Men’s basketball banned from 2013 postseason
The Toledo men’s basketball program suffered another setback when it was informed that it will not be eligible for postseason play in the 2012-13 season. It has yet to be determined if that ban will include the Mid-American Conference Tournament.
The decision to suspend the Rockets came from a newly developed rule by the NCAA which bans schools from postseason play due to low Academic Progress Rate scores.
APR is a measurement used by the NCAA to judge a team’s academic performance. Teams lose points if student athletes fail to graduate, become academically ineligible or leave the program.
Toledo fought the decision regarding the program’s APR all year with an appeal which was denied yesterday by the NCAA’s Committee on Academic Performance . The original punishment, which was handed down last year, was the loss of three scholarships.
“The University of Toledo has a very high academic standard for our student-athletes, so we are very supportive of the academic reforms passed by the NCAA,” said UT Athletic Director Mike O’Brien. “However, we are very disappointed that our appeal of the post-season ban for our men’s basketball program was denied.”
The restrictions will not only take away a shot at the postseason, but will also reduce the Rockets weekly practice time from 20 weekly hours over six days a week to 16 hours in five days. It will also eliminate three games from the upcoming season. Toledo will, however, once again be permitted to offer 13 scholarships rather than the 10 they were allowed to give out last year.
“I’m disappointed,” said UT head coach Tod Kowalczyk. “When it comes to what is fair and not fair, I think that penalizing individuals that weren’t part of a problem is not the way to do it. I’m a firm believer in the Academic Performance Rate and the integrity of academics in college athletics. I fully support, in concept what the NCAA is doing, I just disagree sometimes in there methods of punishment and who they punish.”
Among the issues Toledo has with the punishment is the fact that the NCAA totals up a four-year span of the APR and will punish schools if they do not have an average higher than 900. For the Rockets, that four-year span, which does not include this season, includes just one year from Kowalcyzk’s tenure at UT. The rest are from former coaches with two years from Gene Cross and one from Stan Joplin.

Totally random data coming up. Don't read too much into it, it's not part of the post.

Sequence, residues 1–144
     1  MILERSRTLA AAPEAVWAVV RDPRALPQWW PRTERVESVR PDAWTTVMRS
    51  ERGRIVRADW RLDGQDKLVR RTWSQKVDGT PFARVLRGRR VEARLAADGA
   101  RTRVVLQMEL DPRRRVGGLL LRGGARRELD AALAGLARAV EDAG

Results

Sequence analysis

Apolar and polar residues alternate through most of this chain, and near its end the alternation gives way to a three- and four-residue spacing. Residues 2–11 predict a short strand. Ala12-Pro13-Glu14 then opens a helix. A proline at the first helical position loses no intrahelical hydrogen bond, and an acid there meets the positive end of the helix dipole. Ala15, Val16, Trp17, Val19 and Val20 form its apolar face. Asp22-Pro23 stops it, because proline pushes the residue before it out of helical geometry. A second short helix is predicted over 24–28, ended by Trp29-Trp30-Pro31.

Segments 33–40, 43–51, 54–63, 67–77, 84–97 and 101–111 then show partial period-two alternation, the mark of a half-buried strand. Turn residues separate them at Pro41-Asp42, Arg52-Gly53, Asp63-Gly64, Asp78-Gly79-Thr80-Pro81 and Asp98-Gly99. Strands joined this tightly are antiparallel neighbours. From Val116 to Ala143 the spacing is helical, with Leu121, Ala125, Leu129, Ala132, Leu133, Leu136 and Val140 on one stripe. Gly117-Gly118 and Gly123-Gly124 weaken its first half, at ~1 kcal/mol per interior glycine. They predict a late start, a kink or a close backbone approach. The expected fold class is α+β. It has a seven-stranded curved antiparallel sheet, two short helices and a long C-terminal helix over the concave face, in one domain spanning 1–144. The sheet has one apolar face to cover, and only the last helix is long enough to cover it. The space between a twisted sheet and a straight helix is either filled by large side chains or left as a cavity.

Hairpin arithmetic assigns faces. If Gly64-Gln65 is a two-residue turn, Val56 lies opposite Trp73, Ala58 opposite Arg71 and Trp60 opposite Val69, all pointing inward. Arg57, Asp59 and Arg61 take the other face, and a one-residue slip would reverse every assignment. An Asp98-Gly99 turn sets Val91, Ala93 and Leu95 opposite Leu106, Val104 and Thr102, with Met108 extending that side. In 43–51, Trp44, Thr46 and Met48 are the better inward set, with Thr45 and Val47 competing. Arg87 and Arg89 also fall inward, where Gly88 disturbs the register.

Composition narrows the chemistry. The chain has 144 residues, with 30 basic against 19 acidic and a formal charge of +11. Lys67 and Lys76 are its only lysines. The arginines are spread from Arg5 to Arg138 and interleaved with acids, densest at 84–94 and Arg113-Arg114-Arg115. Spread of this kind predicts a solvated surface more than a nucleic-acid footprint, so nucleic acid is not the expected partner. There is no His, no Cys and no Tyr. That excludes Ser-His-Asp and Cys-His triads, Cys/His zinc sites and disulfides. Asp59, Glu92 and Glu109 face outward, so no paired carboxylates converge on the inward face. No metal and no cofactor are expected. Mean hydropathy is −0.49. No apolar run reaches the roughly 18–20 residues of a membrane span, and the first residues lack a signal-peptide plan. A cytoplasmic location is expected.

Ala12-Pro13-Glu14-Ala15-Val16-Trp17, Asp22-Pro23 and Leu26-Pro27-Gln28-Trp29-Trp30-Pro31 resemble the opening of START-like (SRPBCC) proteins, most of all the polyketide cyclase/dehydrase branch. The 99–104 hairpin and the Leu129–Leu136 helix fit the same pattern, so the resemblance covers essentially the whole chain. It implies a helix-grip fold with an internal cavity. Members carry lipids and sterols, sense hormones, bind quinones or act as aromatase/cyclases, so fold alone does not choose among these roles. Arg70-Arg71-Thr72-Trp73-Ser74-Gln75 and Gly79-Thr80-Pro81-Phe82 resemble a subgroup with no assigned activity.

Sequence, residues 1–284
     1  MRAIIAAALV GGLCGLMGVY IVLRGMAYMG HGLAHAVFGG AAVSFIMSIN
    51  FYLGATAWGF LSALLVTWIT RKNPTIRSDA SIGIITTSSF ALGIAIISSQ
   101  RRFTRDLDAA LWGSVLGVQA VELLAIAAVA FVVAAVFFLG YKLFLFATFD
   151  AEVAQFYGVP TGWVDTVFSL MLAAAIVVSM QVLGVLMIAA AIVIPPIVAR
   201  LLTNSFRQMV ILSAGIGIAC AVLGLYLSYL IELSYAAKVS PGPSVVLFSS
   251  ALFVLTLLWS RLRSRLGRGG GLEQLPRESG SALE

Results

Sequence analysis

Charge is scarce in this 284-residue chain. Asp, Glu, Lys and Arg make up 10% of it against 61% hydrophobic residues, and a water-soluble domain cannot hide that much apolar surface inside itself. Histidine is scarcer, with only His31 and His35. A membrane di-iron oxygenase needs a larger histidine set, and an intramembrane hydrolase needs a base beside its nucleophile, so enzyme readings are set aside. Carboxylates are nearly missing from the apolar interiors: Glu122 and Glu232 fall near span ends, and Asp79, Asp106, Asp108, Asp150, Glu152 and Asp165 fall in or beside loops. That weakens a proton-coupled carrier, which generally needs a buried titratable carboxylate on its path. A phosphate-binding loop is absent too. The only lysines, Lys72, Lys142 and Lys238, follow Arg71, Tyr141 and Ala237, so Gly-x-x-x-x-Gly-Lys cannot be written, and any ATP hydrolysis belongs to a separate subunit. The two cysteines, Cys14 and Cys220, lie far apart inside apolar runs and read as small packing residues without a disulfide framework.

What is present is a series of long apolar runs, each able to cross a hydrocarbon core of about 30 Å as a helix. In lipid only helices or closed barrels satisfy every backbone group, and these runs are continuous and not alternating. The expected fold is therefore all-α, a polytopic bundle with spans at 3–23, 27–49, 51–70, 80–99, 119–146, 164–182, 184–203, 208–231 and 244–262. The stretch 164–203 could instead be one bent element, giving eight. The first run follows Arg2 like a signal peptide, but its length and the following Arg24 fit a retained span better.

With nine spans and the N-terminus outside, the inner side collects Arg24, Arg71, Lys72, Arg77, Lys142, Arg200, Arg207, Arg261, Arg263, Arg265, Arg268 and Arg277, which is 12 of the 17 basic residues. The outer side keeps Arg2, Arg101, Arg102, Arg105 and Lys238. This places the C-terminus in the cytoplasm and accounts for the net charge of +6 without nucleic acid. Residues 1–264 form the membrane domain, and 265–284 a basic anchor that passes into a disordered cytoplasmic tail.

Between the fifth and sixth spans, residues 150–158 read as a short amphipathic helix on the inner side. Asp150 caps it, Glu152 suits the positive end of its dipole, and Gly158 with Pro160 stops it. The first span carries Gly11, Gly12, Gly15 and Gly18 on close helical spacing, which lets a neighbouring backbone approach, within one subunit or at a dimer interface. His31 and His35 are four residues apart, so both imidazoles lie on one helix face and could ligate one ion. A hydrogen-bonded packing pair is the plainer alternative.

In 2008, Joplin’s last season as head coach, the Rockets had an APR score of 826.
Cross followed that up the next two years with APR scores of 813 and 896, making it nearly impossible for Kowalcyzk and Toledo to avoid NCAA punishment.
In his first year at UT, Kowalczyk’s team had an APR of 939 and has averaged a 954.4 APR in his last nine seasons, eight of which came while at Wisconsin-Green Bay.
The NCAA also has a rule that if a team has an APR of more than 930 in its last two seasons they will be deemed eligible for postseason play. Although Kowalcyzk’s first season with the Rockets qualified, Cross’ final year of 896 gave Toledo a 917.5 average over that span.
The APR calculation does not take into account the season which has just been completed in determining eligibility next year. If the NCAA included the most recent season in their four-year span, Toledo would have been eligible for postseason play as the team had a 962 APR under Kowalcyzk through the fall semester and is anticipating an even higher total at the end of the spring semester. That number combined with Kowalcyzk’s 939 from last season would easily qualify UT over the 930 average.
“Not one guy involved in Toledo basketball currently was a part of the problem,” Kowalcyzk said. “I don’t feel it is appropriate to penalize people that are not part of the problem. You should penalize people who are part of the problem.”
Because of season-long talks with the CAP committee, Kowalcyzk remains hopeful that the decision will be overturned. The CAP committee is planning to meet at the end of April and in July to talk about the APR, as well as if including the current season’s score towards next season is possible.
“I really feel that come July, cooler heads will prevail,” Kowalcyzk said. “The president and the NCAA will acknowledge that why not use this year’s numbers. We are talking about letting the academic year of 2011-12 affecting the 2013 postseason. That’s what should happen. I think cooler heads will prevail and there’s not an intelligent reason why they can’t.”
If the ruling is not changed, however, senior guards Dominique Buckley and Curtis Dennis will perhaps be most affected. Both players transferred to Toledo in 2011 and would be missing out on their last chance at making the NCAA Tournament or the NIT for Toledo.
“Things happen and there is nothing we can really do about it,” Buckley said. “Every game now means a lot more to us. If we are not going to be able to play in the postseason or in the MAC Tournament then we want to win the MAC in the regular season.”12
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